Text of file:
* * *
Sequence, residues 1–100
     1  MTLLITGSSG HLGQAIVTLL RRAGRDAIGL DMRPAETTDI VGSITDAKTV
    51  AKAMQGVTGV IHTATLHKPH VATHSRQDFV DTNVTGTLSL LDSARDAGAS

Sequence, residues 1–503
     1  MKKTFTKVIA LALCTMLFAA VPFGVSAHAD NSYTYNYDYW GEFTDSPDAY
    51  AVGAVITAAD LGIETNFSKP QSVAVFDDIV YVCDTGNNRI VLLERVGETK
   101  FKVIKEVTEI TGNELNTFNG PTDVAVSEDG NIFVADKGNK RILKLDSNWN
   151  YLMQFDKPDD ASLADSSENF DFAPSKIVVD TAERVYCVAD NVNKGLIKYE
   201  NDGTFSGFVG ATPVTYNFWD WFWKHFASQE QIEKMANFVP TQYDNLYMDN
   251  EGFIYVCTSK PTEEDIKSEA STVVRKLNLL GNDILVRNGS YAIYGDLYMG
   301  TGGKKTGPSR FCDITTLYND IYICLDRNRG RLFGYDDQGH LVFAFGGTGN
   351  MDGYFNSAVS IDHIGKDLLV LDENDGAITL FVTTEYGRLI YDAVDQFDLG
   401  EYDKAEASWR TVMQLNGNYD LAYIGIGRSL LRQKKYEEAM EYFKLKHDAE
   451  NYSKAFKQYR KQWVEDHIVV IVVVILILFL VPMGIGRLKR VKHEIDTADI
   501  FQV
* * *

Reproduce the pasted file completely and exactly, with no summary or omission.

Sequence, residues 1–100
     1  MTLLITGSSG HLGQAIVTLL RRAGRDAIGL DMRPAETTDI VGSITDAKTV
    51  AKAMQGVTGV IHTATLHKPH VATHSRQDFV DTNVTGTLSL LDSARDAGAS

Sequence, residues 1–503
     1  MKKTFTKVIA LALCTMLFAA VPFGVSAHAD NSYTYNYDYW GEFTDSPDAY
    51  AVGAVITAAD LGIETNFSKP QSVAVFDDIV YVCDTGNNRI VLLERVGETK
   101  FKVIKEVTEI TGNELNTFNG PTDVAVSEDG NIFVADKGNK RILKLDSNWN
   151  YLMQFDKPDD ASLADSSENF DFAPSKIVVD TAERVYCVAD NVNKGLIKYE
   201  NDGTFSGFVG ATPVTYNFWD WFWKHFASQE QIEKMANFVP TQYDNLYMDN
   251  EGFIYVCTSK PTEEDIKSEA STVVRKLNLL GNDILVRNGS YAIYGDLYMG
   301  TGGKKTGPSR FCDITTLYND IYICLDRNRG RLFGYDDQGH LVFAFGGTGN
   351  MDGYFNSAVS IDHIGKDLLV LDENDGAITL FVTTEYGRLI YDAVDQFDLG
   401  EYDKAEASWR TVMQLNGNYD LAYIGIGRSL LRQKKYEEAM EYFKLKHDAE
   451  NYSKAFKQYR KQWVEDHIVV IVVVILILFL VPMGIGRLKR VKHEIDTADI
   501  FQV